Royal Mail puts in 'poor' performance

The Royal Mail has performed poorly and is "unlikely" to meet any of the 15 minimum performance targets set out in its licence, according to the mail watchdog Postwatch.

Postwatch said that Royal Mail’s third quarter performance was badly affected by unofficial industrial action, and would not meet its targets.

However, the watchdog pointed out that the industrial action was not an acceptable excuse for its failings. The body warned that it was the duty of management to create and maintain productive relations with staff.

Royal Mail published its letter reliability results for the third quarter (October – December) which show that quality of service for First Class mail fell to 84.9% during the period. This reduced cumulative performance to 90.3%, against a target of 92.5%. Cumulative performance for Second Class mail fell by 1% to 97.6%, against its target of 98.5%.

In the first half of the year (April-September) Royal Mail’s First Class service showed its "strongest ever performance", reaching 92.7%, with Second Class mail at 98.7% - both ahead of targets.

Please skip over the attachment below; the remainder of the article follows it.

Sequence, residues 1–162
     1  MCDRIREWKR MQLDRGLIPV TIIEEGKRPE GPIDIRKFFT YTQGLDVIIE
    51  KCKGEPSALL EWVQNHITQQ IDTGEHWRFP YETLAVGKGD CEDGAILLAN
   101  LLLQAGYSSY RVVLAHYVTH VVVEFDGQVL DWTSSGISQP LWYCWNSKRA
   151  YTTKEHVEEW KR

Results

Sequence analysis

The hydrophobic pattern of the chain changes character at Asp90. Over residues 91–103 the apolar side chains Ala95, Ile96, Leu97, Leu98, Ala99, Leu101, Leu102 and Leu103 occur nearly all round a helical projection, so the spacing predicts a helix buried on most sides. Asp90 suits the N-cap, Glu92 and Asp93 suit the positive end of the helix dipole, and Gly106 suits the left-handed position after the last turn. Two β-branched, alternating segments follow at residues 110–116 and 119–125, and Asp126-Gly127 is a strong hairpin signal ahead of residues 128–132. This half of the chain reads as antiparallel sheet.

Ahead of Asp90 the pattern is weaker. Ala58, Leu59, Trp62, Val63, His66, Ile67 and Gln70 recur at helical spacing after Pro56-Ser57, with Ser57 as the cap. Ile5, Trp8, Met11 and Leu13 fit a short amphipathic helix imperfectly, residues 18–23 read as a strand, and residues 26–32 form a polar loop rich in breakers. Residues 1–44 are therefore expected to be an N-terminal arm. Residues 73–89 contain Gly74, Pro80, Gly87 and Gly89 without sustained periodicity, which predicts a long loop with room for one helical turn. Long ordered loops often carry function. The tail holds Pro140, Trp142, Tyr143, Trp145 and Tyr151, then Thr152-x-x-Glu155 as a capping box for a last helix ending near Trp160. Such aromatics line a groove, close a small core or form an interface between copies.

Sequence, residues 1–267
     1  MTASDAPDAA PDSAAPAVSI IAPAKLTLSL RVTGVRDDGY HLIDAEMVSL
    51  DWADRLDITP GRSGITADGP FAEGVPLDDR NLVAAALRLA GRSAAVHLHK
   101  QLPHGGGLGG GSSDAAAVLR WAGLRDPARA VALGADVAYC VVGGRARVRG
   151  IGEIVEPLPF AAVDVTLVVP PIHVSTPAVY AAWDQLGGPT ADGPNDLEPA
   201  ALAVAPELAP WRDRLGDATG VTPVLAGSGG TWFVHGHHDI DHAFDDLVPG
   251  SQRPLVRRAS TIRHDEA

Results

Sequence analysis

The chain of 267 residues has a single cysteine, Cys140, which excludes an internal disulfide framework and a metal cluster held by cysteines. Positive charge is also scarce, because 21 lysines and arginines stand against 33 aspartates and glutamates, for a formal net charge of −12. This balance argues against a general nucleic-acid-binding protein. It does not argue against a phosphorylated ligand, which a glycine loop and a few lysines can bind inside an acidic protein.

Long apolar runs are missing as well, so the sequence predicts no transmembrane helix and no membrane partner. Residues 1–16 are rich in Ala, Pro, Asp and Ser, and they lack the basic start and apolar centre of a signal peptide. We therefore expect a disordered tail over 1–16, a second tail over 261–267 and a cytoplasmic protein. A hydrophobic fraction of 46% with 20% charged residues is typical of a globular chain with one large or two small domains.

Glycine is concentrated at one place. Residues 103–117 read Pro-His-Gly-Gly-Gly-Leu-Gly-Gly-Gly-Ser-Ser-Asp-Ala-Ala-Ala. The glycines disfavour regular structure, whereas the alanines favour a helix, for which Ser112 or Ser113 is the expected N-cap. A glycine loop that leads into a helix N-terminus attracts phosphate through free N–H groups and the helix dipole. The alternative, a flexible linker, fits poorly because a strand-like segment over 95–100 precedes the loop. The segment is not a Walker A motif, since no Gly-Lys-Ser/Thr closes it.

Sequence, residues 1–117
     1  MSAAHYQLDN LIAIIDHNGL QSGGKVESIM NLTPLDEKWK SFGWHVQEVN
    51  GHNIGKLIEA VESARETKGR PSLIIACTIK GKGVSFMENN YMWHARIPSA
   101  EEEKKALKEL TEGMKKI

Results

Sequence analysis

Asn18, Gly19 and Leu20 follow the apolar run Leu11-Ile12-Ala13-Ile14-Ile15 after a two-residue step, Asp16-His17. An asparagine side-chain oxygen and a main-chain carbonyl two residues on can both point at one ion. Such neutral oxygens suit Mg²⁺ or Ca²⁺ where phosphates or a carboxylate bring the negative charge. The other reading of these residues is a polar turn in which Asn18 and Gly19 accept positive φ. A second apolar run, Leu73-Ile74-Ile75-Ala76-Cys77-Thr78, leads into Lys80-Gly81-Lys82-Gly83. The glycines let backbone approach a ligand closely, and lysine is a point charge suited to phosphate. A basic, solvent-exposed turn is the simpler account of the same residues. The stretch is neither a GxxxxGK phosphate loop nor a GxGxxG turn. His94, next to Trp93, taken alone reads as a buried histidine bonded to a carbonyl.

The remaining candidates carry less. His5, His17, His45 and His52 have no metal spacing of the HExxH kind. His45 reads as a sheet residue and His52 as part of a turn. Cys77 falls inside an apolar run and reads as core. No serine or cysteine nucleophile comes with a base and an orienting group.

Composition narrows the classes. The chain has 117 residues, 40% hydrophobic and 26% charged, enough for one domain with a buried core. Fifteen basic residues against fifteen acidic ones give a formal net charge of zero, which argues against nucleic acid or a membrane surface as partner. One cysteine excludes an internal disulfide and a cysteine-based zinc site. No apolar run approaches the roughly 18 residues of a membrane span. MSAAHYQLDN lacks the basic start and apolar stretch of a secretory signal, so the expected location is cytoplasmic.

Last year Royal Mail was hit with a £7.5 million fine when it managed to achieve just three of the 15 targets.

Peter Carr, Chairman of Postwatch, said: “Customers of Royal Mail’s business products will for the first time receive compensatory rebates of up to 5% on their year’s postage bills. This will add up to many millions. These unnecessary losses should incentivise management to redouble its efforts to provide a satisfactory service. Customers want the service they are paying for – not compensation for failure.”

Royal Mail Chief Executive Adam Crozier apologised to customers whose services do not hit targets during structural changes brought in earlier in the year. He also warned that customers would continue to see some impact on quality of service due to the implementation of these changes.

He added: “Our customers have suffered as a result of the industrial action in some parts of the UK in the Autumn and I greatly regret that. But since then we have made a major step forward, gaining the backing of our postmen and women for a new deal on pay and change in the company worth 14.5% over 18 months.”


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